Ramos-Horta to lead review of UN peacekeeping

Ayee Macaraig

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The UN says the independent review of peace operations will include the issues that the Philippines raised after the controversial siege of its peacekeepers

KEY APPOINTMENT. Jose Ramos-Horta, former Timor-Leste president and Nobel Peace laureate, will head an independent panel to review UN peace operations. File photo by Seyllou/APF

UNITED NATIONS – Former Timor-Leste President Jose Ramos-Horta will lead an independent review of the United Nations’ peace operations.

UN Secretary-General Ban Ki-Moon appointed Ramos-Horta as the chair of a high-level independent panel on peace operations that will look into a broad range of issues on UN peacekeeping and special political missions.

The UN chief announced Ramos-Horta’s appointment in a statement on Friday, October 31, more than a month after Ban told the UN General Assembly in September about his plan to order a review.

“The world is changing and UN peace operations must change with it if they are to remain an indispensable and effective tool in promoting international peace and security,” Ban said in the statement.

“The Panel will make a comprehensive assessment of the state of UN peace operations today, and the emerging needs of the future.” 

Ramos-Horta is a Nobel laureate, and was a former foreign minister, prime minister and president of the newly independent Timor-Leste from 2007 to 2012. He has worked with the UN as Ban’s Special Representative and Head of the UN Integrated Peacebuilding Office in Guinea-Bissau. 

Recently, Ramos-Horta actively campaigned for the election of New Zealand into the UN Security Council, the world body’s most powerful organ, which sets and extends the mandates of peacekeeping operations. New Zealand won a seat in the 15-member council in October.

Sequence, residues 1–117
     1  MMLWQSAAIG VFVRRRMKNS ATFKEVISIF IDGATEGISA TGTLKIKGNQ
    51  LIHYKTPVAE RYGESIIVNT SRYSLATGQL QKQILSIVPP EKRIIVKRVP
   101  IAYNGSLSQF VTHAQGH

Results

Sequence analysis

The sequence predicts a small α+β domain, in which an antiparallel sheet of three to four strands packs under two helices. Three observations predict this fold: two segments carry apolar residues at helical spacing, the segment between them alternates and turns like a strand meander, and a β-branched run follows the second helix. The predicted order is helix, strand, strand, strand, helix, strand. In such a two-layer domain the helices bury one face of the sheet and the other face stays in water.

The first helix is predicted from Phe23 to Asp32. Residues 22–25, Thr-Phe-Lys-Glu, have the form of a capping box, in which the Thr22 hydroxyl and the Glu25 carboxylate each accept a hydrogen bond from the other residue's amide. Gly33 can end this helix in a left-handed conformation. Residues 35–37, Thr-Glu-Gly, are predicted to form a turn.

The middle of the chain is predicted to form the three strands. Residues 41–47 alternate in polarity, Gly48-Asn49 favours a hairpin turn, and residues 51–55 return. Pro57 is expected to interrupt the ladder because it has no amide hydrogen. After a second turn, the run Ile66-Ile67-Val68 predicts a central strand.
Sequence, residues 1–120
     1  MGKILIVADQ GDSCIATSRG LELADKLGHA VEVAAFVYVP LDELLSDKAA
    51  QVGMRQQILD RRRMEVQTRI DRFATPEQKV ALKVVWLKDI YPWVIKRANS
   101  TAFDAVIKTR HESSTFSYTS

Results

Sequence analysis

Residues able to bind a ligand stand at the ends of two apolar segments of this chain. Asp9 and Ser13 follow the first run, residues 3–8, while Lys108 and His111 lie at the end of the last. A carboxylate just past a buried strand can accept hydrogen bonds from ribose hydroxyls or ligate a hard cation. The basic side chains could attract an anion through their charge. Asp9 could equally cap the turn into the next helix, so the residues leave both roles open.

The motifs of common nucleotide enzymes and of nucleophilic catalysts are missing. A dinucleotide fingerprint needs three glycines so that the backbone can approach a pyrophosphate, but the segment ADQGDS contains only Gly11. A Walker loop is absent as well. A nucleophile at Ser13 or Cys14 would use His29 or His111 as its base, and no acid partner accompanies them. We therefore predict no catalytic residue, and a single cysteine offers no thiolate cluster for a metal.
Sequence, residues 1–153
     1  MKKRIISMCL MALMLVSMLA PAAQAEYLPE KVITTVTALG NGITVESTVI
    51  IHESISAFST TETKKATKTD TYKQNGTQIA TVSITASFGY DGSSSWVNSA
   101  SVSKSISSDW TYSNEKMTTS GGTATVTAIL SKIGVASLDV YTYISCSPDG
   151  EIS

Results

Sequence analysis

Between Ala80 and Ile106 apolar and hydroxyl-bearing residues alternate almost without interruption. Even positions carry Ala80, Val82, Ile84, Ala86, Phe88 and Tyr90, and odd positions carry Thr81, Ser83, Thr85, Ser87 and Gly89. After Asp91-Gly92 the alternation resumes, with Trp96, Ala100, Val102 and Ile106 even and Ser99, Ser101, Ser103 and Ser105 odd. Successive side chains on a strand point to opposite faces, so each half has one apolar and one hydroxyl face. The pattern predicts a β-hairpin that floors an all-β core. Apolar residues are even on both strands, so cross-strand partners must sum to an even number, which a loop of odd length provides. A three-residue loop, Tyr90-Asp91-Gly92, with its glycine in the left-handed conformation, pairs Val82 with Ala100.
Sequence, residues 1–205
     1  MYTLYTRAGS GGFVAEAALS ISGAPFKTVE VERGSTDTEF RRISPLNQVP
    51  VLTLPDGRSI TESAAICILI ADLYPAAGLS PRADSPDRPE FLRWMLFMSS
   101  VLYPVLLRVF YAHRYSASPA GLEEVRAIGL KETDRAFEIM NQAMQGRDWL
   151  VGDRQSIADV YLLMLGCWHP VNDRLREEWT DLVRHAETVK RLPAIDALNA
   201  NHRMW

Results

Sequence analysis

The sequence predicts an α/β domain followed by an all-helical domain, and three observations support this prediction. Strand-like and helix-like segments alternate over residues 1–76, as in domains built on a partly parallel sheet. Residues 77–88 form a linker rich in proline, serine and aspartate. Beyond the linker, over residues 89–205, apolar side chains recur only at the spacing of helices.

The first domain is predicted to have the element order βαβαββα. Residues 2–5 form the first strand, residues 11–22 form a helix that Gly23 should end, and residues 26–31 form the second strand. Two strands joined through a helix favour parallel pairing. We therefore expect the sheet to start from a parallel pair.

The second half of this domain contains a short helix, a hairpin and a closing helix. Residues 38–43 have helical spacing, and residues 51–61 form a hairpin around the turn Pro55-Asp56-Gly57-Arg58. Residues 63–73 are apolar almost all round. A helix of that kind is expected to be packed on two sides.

The former Timor-Leste president has also been engaging with the Philippines on issues like the Mindanao peace process, and the South China Sea. He was the only foreign dignitary to attend the inauguration of President Benigno Aquino III in 2010.  

Ban’s Spokesperson Stéphane Dujarric said that Ramos-Horta and the rest of the panel will arrive at the UN Headquarters in New York in the first two weeks of November, and then begin its work.

The group will work with the UN system and member-states, and submit recommendations to Ban for the UN General Assembly to consider in 2015. 

PH issues included in review

Responding to questions from Rappler, Dujarric said in a press briefing in New York on Friday that the review will cover issues that the Philippines requested to be included after the siege involving its peacekeepers in the Golan Heights in late August.

That standoff with Syrian rebels sparked a controversy because the Filipino blue helmets defied the supposed order of their commander to surrender their weapons to the Al Qaeda-linked Al-Nusra Front, and instead hatched an unauthorized escape plan.

In letters and speeches, Philippine Foreign Secretary Albert del Rosario and the Philippine Mission to the United Nations have repeatedly asked Ban to include the following issues in the review:

  • The safety and security of peacekeepers during kidnapping and siege incidents
  • The accountability of UN peacekeeping mission leaders on decisions made during crisis operations